Written by 5:59 pm Animal, Hiking, How To

Mother Nature’s Best Friend: a Guide to Hiking With Your Dog

Today’s post is brought to us by Johanes Godoy, digital storyteller and the founder of Wanderera. Be sure to check out her blog for some great recommendations on international travel!

Hiking is a fun and thrilling experience especially when you finally see the breathtaking view on top. So what could be a better idea than bringing your dog along?

With them quickly jumping up and tails excitedly wagging just from hearing the word ‘walk’, it would definitely be a treat for them to see more than parks and sidewalks from your neighborhood. 

But before you leave your house and start traveling towards your favorite hiking trail, it’s best to be prepared first.

Here’s some tips you can follow for a safe and enjoyable hiking experience with your dog.

Before the Hike

Hiking with your dog isn’t as simple as taking her for a walk. But if you want the both of you to have more adventures together, this would definitely be worth it.

There are some questions to clear first before planning your trip. Some of these are:

Is this your first time hiking?

If you usually practice a regular fitness routine, building up you and your dog’s stamina and endurance should be the first things to work on.

You may feel discouraged to continue the hike after losing your breath from just a few minutes of hiking. Worse, it could even give minor to serious injuries to you or your dog.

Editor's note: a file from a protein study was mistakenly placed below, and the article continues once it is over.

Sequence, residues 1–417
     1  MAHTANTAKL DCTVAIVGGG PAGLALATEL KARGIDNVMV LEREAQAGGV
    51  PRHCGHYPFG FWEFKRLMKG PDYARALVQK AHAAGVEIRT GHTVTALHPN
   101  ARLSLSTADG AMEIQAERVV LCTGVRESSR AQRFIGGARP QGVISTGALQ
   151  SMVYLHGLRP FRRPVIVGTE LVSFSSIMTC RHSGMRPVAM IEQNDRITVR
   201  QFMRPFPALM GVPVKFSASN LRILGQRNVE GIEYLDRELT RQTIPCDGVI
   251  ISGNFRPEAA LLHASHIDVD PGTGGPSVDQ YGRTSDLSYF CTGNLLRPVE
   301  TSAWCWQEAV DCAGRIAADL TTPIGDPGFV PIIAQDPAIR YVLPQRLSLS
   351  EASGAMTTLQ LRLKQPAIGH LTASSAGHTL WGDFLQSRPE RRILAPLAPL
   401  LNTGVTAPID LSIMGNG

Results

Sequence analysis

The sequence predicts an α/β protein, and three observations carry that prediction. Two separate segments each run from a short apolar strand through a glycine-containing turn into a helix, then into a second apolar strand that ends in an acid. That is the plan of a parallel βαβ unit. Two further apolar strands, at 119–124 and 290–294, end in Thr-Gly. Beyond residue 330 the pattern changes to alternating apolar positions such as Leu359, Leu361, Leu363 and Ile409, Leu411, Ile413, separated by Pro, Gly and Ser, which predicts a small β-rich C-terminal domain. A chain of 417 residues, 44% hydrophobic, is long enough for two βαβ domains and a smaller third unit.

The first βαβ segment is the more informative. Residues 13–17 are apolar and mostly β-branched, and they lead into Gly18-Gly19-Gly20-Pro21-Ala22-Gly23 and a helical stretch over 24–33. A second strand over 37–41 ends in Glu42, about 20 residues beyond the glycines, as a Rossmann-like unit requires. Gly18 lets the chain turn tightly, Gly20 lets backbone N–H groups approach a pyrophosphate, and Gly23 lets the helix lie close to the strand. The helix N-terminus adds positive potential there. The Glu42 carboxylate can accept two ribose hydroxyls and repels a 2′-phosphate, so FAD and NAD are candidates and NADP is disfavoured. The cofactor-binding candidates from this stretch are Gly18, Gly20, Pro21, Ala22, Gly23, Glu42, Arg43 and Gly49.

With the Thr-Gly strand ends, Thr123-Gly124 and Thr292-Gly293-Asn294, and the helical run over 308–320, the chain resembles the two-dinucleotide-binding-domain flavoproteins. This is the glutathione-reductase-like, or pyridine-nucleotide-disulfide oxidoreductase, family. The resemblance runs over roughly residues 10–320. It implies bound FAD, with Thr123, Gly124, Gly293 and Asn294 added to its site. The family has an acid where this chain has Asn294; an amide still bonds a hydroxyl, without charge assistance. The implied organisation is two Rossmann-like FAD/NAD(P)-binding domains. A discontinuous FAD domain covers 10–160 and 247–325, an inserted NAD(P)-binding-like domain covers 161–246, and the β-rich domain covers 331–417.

Start by taking short routine walks on flat or uneven terrain with your pup while gradually increasing the distance. You can bring some weights to act as your hiking equipment too!

Did you get the OK from the Vet?

Your dog may look healthy and fit from the outside, but any underlying illnesses may be needed to be sorted out first before the hike.

Moreover, your dog may no longer be able to handle long hikes due to her age. 

A visit to the Vet would also prepare our furbaby with the needed vaccinations prior to the trip. So make sure this is checked before the trip!

Deciding on the Destination

For both you and your dog to enjoy the trip, choosing a hiking destination should be carefully considered. Not all areas are dog-friendly, so make sure to make some research before then.

Make sure to take note of the following:

Trails with sharp rocks. Our pup’s paws may be tougher than the soles on our feet, but having sharp rocks lying around would definitely injure our energetic dog. 

Extreme temperature. Walking on too hot or cold ground would also hurt your dog’s paws. As much as using dog boots would keep them safe from injuries when hiking, make sure that your dog is comfortable wearing it so she can also enjoy the trip. 

Overly-steep slopes. Despite how fit a dog can be, hiking on overly-steep slopes could be hard for their body. This is because most of their weight would focus on their hind legs, putting more strain in it than it should be.

Hiking Must-Haves

Now that you’ve chosen a trail for your first hike with your dog, it’s time to check on your backpack must-haves.

Water

Staying hydrated is important, especially on a long hike. If there are no water stations available nearby your trail, it’s best to bring enough water for both you and your dog to last for the duration of the hike plus a bit more for unforeseen circumstances. 

Backpack

Having your dog carry her own backpack would help you lessen the weight you’re carrying during the hike. This also separates your belongings to hers, making it easier to find items when needed. To make her feel more comfortable, make sure that the bag you pick would be right for your dog’s size and to only put enough weight that she could carry. 

Some things to put in her backpack are:

  • Dog food
  • Dog treats